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    • #48560
      Rani Sudarshana
      Participant
      My question is about energy requirements of infants.
      When I am planning the infants TPN’s, giving attention that %40-50 of total calories must come from fat.
      I learned this from books and educations, but I don’t know WHY?
      from nearly two months I have started to work as an educator in the pharmacy faculty.
      making is so easy than teaching 😀 so I need to learn the mechanisms more.
      I know daily requirements for children are approximately 150% of basal metabolic rate with additional calories to support activity and growth.
      But why from lipids? if it is only interest with calories, I can find this calories from carbohydrates also.
      tnx for your interest.
    • #48562

      Thanks for your interesting inquiry.

      Kindly find the below suggested reasons for favoring the use of lipids over carbohydrates and especially for premature infants:-

      1- lipids typically provide energy in an amount of 2.6 times that of dextrose. Therefore providing energy from carbohydrates instead of lipids will cause an overwhelmig carbohydrate load. Here we come to your concern.

      2- Dextrose = CO2, many premature infants already have ARDS! (Theoretically thinking)

      3- Dextrose higher than 18 gm/kg tends to shift the metabolic process to lipogenesis.

      4- Lipid intake is needed to prevent essential fatty acid deficiency.

    • #48563
      Nawal Schmitt
      Participant
      In addition to what alchemist stated earlier, below are my thoughts:
      In neonatal parenteral nutrition, lipids are not allowed to exceed 60% of total caloric intake due to potential complications/risks: 
      o Hyperlipidemia.
      o Potential risk of kernicterus at low levels of unconjugated bilirubin because of displacement of bilirubin from albumin binding sites by free fatty acids. As a general rule, do not advance lipids beyond 0.5 g/kg/d until bilirubin is below threshold for phototherapy. 
      o Potential increased risk or exacerbation of chronic lung disease. 
      o Potential exacerbation of Persistent Pulmonary Hypertension (PPHN).
      o Lipid overload syndrome with coagulopathy and liver failure.
      Please keep in mind that very preterm infants may not tolerate that much dextrose and may even need insulin as an infusion to achieve adequate caloric intake without hyperglycemia.
      Potential complications/risks of carbohydrate include: 
      o Hyperglycemia or hypoglycemia.
      o Glycosuria and potential osmotic diuresis.
      o Cholestasis and/or hepatic steatosis with high caloric intake usually from long-term high concentration infusion.
      Hope that helps. 

    • #48564
      Heather Blois
      Participant

      In addition to the great thoughts of Alchemist and Nawal, mines are shown below… In summary life is about BALANCE and the balance theory necessitates calories diversion as explained below. The concept is the same among Adults and Pediatrics.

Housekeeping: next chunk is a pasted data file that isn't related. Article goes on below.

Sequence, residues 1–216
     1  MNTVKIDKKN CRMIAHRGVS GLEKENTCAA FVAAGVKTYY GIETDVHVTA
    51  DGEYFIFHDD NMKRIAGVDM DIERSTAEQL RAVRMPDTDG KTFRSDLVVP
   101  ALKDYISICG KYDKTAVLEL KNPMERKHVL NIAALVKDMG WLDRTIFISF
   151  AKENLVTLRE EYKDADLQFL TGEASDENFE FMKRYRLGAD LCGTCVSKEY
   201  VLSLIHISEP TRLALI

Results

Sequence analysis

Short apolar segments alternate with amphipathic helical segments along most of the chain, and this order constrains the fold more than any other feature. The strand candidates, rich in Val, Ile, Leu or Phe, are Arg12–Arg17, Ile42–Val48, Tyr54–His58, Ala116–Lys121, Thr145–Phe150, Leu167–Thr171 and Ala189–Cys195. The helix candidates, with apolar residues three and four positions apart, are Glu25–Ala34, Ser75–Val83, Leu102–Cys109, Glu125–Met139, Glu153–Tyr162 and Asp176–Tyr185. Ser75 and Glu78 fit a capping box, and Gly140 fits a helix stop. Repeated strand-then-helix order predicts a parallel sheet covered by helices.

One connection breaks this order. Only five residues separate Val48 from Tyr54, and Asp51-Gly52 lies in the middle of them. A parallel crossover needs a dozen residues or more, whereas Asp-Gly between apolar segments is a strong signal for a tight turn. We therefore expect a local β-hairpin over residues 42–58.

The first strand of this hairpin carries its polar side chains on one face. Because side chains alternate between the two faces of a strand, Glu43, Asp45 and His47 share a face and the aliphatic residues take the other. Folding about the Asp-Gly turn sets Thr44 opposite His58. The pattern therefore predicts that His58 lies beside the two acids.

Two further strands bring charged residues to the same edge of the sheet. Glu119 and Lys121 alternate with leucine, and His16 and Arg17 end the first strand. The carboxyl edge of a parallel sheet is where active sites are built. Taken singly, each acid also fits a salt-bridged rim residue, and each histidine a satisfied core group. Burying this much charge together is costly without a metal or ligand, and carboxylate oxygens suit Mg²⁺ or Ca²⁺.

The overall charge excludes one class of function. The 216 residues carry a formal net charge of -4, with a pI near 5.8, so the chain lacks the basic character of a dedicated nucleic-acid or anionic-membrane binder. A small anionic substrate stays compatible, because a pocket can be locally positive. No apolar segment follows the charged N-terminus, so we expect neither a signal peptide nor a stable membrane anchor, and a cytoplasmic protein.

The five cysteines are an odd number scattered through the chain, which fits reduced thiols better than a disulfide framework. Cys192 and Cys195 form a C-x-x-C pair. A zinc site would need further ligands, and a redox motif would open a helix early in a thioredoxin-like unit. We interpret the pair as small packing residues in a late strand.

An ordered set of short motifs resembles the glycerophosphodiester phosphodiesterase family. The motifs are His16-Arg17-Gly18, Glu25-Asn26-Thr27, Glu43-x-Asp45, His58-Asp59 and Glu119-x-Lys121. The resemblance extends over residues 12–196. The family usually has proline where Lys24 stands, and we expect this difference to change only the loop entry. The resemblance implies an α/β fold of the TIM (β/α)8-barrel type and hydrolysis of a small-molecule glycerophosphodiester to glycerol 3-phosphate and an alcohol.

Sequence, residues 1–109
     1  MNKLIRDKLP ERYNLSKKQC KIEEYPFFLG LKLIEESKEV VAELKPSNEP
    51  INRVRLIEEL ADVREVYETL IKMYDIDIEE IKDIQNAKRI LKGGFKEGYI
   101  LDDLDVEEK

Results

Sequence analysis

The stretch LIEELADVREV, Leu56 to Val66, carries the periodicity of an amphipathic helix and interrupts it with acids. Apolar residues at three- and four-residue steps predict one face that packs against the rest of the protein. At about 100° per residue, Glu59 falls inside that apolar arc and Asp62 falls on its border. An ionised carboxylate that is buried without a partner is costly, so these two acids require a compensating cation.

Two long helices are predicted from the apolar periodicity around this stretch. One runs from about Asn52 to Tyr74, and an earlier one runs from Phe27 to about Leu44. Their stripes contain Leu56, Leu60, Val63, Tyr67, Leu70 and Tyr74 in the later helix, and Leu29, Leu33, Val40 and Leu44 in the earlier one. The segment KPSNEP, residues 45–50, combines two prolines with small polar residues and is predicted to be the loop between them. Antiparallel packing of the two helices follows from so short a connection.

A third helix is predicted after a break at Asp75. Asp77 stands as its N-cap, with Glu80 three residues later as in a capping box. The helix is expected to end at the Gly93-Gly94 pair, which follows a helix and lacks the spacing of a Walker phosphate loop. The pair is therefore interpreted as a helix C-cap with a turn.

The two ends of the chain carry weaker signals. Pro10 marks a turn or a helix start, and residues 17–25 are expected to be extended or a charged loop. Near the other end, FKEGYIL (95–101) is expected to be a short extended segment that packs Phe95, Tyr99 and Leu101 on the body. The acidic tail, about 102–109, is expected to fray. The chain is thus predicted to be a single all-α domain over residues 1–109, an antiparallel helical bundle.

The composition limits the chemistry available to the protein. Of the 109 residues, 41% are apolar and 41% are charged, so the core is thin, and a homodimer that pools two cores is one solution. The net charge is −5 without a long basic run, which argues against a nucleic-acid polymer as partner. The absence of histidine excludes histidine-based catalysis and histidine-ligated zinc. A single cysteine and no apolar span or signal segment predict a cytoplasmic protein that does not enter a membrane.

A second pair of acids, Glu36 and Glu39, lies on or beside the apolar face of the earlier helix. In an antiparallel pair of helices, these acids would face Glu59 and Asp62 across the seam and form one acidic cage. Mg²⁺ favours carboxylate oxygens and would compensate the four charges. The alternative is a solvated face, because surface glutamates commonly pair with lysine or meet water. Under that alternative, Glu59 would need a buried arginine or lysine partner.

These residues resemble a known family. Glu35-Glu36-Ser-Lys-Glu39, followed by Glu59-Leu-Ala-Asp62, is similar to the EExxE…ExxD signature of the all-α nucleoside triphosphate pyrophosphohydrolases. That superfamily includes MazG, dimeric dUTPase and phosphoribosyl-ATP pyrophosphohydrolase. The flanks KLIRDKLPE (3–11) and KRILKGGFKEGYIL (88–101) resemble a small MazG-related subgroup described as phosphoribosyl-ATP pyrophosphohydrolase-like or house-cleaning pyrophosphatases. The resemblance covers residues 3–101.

1. The source of provided calories to meet Energy Expenditure must be diversed between Dextrose and Lipid as the oxidative capacity of both dextrose and fat in Pediatrics (and in adults) is limited. Therefore, around 60% of calories must be provided as Carbohydrate (not more than 70% and not less than 20%). In adult, the maximum oxidative capacity is 5mg/kg/min and if you do a simple calculation, this accounts to 60% of total needed calories. The minimal dextrose that needs to be provided to an adult  patient even with Glucose intolerance is 120-150g per day; this accounts to 2 mg/kg/min or 25% of total calories. Extra dextrose calories above 5mg/kg/min or 60-70% of total calories leads to Liponeogenesis (de novo lipogenesis) thus huge production of CO2 (RQ = VO2/CO2 more than 8).

      1. Lipid is much safer source of calories than carbohydrate if the clearance capacity is assured. As said by Alchemist, lipid produces lower CO2 upon oxidation (Respiratory Quotient is 0.7 compared to 1 with Dextrose). Lipid does not cause electrolytes derangement like dextrose as fat stimulates little insulin release. However, Dextrose is much more efficient source of calories as it stimulates more Insulin that is important for the shift of intracellular ions; therefore synthesis of a balanced cell. Extra lipid beyond 1.5g/kg/day or 60% of total calories lead to Lipogenesis (Fatty liver disease)

      1. Minimal dose of lipid to prevent Essential Fatty Acid deficiency is 10% of total calories or around 0.25g/kg/d. We make it 40% to support Dextrose in the formation of cell membrane that is phospholipid in nature and to replete the wasted calories from the catabolic/metabolic process.
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